Resistance of Antibiotic, which is defined by the lack of vulnerability of bacteria to drugs that were previously effective, has at present, become quite a problem all over the world. In fact, scientists are calling it a global crisis. They are coming out with new strategies, which range from using viruses that kill bacteria to compounds that are derived from cranberries for countering these super-bacteria or bacteria that are resistant to drugs.
In the light of this, most of the latest research linked with antibiotic resistance is dealing with the development of new pharmaceutical compounds, or they are coming out with altogether new methodology of treatments, which are based on an entirely new genre of antibiotics hitherto unknown.
However, researchers at the Emory Antibiotic Resistance Center in Emory University School of Medicine of Atlanta, Georgia are of the opinion that old drugs can be effective when used in newer ways in the fight against these superbugs.
They have found that bacteria have grown, which is now termed as ‘heteroresistance’ that helps them to fight antibiotics. Though they are still struggling to find out the exact reason behind this new phenomenon, they have found heteroresistance to be a new phenomenon, by the virtue of which a subpopulation within a larger population of bacteria develops qualities of resistance to antibiotics, to which other bacteria belonging to the same populace will respond.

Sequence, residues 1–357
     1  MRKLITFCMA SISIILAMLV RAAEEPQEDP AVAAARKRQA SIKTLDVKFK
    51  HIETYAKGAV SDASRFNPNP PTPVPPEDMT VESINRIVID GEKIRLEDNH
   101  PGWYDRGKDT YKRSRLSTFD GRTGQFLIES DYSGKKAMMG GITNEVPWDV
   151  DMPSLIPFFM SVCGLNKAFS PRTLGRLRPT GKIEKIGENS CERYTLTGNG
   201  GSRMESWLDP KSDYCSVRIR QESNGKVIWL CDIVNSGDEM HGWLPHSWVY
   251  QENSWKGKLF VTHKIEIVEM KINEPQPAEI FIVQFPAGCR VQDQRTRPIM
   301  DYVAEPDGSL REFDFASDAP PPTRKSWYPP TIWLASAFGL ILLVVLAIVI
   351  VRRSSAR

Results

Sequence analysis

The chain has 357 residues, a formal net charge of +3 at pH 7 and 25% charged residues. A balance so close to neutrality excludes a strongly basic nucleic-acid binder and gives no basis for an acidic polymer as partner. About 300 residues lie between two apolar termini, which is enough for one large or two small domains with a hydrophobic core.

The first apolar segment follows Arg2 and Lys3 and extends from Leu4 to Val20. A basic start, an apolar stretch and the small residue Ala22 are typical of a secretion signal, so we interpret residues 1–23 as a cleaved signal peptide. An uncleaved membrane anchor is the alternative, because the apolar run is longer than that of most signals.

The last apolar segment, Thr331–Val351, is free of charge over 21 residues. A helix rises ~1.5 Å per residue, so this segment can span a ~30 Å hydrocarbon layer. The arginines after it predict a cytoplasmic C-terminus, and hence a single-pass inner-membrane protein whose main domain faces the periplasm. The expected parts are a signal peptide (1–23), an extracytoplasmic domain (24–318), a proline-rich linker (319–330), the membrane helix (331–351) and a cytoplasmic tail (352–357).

Scientists, however, believe that if and when they are able to successfully identify heteroresistance, it will help them to identify the most effective combination of antibiotics when it comes to defeating a combined population of drug-resistant and susceptible bacteria.
The researchers have used various samples for identification of multidrug-resistant bacteria. Of them, more than 85% turned out to be resistant to at least two different types of antibiotics.
However, these two types of antibiotics that this 85% was resistant to, were combined, and the combination turned out to be more effective in terminating the bacteria.